Misalliance 

George Bernard Shaw was a socialist vegetarian with feminist leanings and a strong sense of social responsibility. He was also known for his quick wit, brought equally to his writing and to his public life. Portland Center Stage's production of Misalliance showcases both Shaw's humor and his concern with issues of class and exploitation, via a setup that simultaneously exploits and parodies the human fascination with "mating games."

Broadly, the play deals with the Tarletons, a wealthy business family. Patriarch John Tarleton (Kenneth Albers) made a fortune selling underwear, propelling his family from near poverty to the upper echelons of British "new money." His headstrong daughter Hypatia (Amanda Soden) is engaged to marry the aristocratic Bentley Summerhays (or "Bunny," played by Ben Steinfield), a high-strung, unlikeable young man who seems to represent the last gasps of an overextended gene pool. The dissatisfied Hypatia is marrying Bunny for lack of better options; she vociferously wishes for something exciting to happen.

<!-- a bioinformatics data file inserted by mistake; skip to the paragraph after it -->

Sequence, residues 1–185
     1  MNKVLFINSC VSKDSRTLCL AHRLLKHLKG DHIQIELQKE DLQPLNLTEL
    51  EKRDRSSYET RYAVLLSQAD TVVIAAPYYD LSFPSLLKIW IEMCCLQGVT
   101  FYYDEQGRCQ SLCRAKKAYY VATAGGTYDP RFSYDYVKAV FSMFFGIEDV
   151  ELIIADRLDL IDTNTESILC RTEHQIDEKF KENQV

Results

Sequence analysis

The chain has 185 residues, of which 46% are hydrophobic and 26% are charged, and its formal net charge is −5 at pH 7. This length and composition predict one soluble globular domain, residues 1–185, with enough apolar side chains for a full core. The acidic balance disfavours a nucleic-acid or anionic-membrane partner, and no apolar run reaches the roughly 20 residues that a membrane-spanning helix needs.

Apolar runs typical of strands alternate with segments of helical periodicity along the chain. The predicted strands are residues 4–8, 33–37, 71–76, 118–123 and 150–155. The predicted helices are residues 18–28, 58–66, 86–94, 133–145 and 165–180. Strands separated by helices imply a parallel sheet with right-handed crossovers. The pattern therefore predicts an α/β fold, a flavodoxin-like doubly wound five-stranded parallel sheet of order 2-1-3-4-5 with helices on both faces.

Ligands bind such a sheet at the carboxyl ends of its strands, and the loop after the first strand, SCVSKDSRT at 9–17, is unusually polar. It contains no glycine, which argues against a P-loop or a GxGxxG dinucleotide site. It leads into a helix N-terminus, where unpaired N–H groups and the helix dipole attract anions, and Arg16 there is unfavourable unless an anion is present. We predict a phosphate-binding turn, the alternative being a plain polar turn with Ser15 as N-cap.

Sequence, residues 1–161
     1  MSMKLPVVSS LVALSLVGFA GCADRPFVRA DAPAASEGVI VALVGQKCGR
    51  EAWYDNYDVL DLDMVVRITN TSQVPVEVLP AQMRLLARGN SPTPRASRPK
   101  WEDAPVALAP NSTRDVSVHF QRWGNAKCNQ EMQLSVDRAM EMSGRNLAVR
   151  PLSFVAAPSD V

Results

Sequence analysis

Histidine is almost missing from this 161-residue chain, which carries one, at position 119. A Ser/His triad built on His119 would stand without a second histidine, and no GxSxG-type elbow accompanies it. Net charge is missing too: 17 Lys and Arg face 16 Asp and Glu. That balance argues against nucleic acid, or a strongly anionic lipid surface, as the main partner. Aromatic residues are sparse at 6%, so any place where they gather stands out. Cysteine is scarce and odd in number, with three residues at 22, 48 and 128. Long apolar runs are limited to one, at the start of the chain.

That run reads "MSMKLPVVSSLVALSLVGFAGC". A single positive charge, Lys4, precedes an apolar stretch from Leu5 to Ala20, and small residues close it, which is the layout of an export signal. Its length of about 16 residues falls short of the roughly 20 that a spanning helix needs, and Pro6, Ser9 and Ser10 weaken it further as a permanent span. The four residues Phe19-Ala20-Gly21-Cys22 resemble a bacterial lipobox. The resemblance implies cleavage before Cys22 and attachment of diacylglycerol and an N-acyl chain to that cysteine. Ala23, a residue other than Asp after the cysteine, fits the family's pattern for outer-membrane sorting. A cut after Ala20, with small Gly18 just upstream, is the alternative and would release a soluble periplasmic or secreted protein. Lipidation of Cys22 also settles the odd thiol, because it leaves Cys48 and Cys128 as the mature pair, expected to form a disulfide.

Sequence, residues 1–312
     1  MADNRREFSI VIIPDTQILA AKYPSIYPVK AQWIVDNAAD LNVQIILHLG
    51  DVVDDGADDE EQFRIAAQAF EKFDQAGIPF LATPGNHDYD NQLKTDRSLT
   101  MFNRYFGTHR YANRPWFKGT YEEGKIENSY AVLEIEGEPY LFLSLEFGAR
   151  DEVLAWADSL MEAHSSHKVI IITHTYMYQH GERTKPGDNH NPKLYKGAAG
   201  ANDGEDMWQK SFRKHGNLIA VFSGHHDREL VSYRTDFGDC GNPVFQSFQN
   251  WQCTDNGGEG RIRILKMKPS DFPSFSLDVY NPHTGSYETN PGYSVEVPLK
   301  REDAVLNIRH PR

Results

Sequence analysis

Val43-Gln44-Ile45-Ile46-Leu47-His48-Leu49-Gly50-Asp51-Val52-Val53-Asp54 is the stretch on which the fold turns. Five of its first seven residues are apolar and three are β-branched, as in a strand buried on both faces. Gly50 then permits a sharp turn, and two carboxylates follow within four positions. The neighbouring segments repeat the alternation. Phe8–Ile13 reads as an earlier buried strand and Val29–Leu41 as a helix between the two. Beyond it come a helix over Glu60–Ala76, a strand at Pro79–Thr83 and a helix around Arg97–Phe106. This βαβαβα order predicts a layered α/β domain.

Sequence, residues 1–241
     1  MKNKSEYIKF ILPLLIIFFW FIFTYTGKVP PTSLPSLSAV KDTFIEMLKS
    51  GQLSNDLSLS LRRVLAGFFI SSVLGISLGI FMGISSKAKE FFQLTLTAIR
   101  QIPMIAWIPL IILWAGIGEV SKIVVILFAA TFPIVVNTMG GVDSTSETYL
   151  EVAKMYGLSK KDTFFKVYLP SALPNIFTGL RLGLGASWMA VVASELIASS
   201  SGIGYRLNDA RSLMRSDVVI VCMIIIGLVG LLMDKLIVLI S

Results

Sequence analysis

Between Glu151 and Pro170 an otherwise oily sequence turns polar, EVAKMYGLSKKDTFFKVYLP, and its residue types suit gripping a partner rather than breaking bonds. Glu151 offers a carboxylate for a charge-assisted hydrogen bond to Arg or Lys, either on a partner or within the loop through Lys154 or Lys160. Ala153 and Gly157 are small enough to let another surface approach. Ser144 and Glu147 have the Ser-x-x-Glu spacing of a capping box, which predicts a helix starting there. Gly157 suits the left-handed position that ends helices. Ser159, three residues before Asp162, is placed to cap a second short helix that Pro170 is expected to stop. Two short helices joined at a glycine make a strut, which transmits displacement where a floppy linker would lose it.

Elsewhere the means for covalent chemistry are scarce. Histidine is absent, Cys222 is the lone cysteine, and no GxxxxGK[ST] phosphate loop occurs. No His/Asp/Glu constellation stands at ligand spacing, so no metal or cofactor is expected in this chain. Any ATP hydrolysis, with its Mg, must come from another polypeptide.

Something exciting happens at the end of the first act: An airplane carrying two romantic passengers crashes into the house. Act Two also introduces Julius Baker (Darius Pierce), a bitter young clerk who seeks revenge for John Tarleton's treatment of his mother years ago.

A contemporary audience will find little to be shocked at here (in fact, certain dated biases are milked for laughs—notions about the role of women, for example, come across as quaint, obscuring how genuinely progressive Shaw's approach to the "woman question" was), but the text provides a few insights that are as relevant today as in Shaw's time. It's telling, for example, how friction between the aristocracy and the moneyed business class disappears in the face of an onslaught from a poor, socialist doctrine-spouting outsider (played wonderfully by Pierce, who handily steals every scene he's in).

Misalliance showcases Shaw's ability to moralize while he entertains, and director Chris Coleman never loses sight of both sides of that equation—resulting in a production that is equal parts thought provoking and pure, goofy fun.

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